This study has several limitations. First, the fracture incidence derived from the TCS 2009 survey is not representative of the Thai population. However, the TCS is a large nation-wide study and the participants represent well the socioeconomic status of the young Thai population. The variations in fracture rates by age and gender observed by internal comparisons in the TCS participants are therefore likely to reflect fracture rate patterns in the general young-adult Thai population. Because fracture incidence is generally described as two-peaked, with greatest incidence in the young and the elderly,1 ,3 ,5 the fracture incidence presented in this study is an underestimate of that of the general Thai population, as the young (<20) are not represented and the elderly (61+, n=431) are under-represented. The findings of this study are therefore limited to Thais between the ages of 20 and 60.

Second, the study relies entirely on self-report of recalled fractures. A comparison of self-report with x-ray reports (the gold standard) was not feasible. Instead, we have attempted to quantify self-report (in-) accuracy in two other ways: first, by showing over-reporting of fractures at rounded ages (figure 1). This phenomenon distorts the time distribution rather than the overall number of reported events. The second self-report inaccuracy we have quantified is fall-off over time. Recent events were recalled more accurately than events that occurred longer ago.


Self-report surveys provide a feasible alternative to hospital and x-ray records research for establishing fracture incidence; however, when lifetime fractures are reported, using only fractures reported to have occurred in the last year minimises bias due to poor recall. The results of this study indicate that the pattern of fracture incidence among adult TCS participants between 20 and 60 years is similar to that reported for Western countries such as the USA and the UK. Overall, we see fracture in Thailand to be a larger burden for younger men and older women but we need more background information before we can understand better the environmental and personal factors that account for this age and sex pattern of occurrence. Such analyses will be the focus of future reports from the TCS.


We thank the staff at Sukhothai Thammathirat Open University (STOU) who assisted with student contact and the STOU students who are participating in the cohort study. We also thank Dr Bandit Thinkamrop and his team from Khon Kaen University for guiding us successfully through the complex data processing.


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  • i Thai Cohort Study Team: Thailand: Jaruwan Chokhanapitak, Chaiyun Churewong, Suttanit Hounthasarn, Suwanee Khamman, Daoruang Pandee, Suttinan Pangsap, Tippawan Prapamontol, Janya Puengson, Yodyiam Sangrattanakul, Sam-ang Seubsman, Boonchai Somboonsook, Nintita Sripaiboonkij, Pathumvadee Somsamai, Duangkae Vilainerun, Wanee Wimonwattanaphan. Australia: Chris Bain, Emily Banks, Cathy Banwell, Bruce Caldwell, Gordon Carmichael, Tarie Dellora, Jane Dixon, Sharon Friel, David Harley, Matthew Kelly, Tord Kjellstrom, Lynette Lim, Roderick McClure, Anthony McMichael, Tanya Mark, Adrian Sleigh, Lyndall Strazdins, Vasoontara Yiengprugsawan.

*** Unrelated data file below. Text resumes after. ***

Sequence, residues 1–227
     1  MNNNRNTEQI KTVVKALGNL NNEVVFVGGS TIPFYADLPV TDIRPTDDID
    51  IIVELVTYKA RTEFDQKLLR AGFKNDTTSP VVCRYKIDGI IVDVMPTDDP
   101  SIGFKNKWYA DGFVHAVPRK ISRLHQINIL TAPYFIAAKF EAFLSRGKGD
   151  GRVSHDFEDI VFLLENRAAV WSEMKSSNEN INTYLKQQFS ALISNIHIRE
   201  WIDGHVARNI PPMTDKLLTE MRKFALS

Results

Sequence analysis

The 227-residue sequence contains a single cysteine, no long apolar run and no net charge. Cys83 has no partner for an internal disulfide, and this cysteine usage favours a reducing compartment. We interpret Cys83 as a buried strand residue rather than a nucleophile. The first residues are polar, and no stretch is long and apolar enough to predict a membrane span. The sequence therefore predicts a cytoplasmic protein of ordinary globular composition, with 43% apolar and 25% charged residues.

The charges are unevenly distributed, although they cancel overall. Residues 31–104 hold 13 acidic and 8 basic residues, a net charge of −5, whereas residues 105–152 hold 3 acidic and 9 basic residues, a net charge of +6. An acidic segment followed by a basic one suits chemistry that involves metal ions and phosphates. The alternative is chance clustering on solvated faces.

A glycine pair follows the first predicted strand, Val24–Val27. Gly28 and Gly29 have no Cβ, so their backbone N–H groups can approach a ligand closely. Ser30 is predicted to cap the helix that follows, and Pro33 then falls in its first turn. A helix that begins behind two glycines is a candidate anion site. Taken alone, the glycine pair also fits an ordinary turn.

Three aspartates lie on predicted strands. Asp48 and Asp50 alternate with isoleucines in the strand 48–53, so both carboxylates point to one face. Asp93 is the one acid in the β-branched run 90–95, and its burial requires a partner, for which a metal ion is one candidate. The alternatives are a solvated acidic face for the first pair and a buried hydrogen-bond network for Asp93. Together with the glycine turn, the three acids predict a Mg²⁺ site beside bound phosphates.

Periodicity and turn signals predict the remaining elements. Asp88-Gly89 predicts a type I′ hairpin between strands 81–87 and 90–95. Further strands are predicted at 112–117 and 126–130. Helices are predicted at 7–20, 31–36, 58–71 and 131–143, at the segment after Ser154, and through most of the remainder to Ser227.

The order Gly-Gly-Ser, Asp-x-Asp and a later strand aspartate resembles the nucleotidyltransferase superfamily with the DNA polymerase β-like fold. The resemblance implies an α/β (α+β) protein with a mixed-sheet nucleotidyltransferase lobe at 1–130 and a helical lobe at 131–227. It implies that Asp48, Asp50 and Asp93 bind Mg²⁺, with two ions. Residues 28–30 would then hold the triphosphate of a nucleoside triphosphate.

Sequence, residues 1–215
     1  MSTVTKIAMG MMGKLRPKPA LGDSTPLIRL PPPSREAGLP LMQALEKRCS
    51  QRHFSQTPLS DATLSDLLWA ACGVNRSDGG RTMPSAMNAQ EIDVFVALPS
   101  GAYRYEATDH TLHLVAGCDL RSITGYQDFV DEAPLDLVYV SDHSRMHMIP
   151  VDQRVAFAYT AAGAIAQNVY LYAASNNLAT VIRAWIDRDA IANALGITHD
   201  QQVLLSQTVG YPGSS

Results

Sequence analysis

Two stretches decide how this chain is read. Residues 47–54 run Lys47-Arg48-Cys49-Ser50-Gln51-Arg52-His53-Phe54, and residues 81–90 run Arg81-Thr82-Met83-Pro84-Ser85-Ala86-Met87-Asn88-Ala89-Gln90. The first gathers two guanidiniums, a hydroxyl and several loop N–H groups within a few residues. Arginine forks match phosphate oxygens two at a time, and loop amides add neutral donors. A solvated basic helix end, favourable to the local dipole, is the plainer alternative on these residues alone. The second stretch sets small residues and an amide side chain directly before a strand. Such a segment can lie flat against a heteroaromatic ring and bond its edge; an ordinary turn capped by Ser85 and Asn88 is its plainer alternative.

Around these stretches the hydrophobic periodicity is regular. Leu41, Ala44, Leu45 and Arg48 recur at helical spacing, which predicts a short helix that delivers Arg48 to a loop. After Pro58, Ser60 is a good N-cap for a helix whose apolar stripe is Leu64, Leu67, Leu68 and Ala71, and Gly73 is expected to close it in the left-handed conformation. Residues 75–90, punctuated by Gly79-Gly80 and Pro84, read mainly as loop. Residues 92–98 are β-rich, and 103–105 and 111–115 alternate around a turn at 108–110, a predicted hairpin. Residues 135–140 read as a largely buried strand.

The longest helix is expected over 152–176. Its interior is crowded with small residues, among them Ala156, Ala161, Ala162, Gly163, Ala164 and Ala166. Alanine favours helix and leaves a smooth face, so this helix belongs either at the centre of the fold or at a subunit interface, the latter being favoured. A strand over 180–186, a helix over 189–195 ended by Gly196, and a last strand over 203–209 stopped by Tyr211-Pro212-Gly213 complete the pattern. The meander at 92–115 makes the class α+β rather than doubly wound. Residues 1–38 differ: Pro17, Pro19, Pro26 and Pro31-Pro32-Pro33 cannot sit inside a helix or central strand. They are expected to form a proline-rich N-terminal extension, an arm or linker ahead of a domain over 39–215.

• Contributors JG and RM analysed the data and conceptualised and drafted the manuscript. SS and AS designed and instituted the Thai Health-Risk Transition research project and helped the data analysis and interpretation for this report. All authors read and approved the final manuscript.

  • Funding The Thai Cohort Study is funded by the International Collaborative Research Grants Scheme with joint grants from the Wellcome Trust UK (GR071587MA) and the Australian National Health and Medical Research Council (NHMRC; 268055), and as a global health grant from the NHMRC (585426).

  • Competing interests None.

  • Ethics approval The approval was obtained from Sukhothai Thammathirat Open University Research and Development Institute (protocol 0522/10) and the Australian National University Human Research Ethics Committee (protocol 2004344).

  • Provenance and peer review Not commissioned; externally peer reviewed.

  • Data sharing statement Data are available through a data access agreement which includes guarantees regarding ethical conduct and scientific quality of any proposed analyses and publications. Anyone wanting access should contact Adrian Sleigh or Sam-ang Seubsman (study Principal Investigators).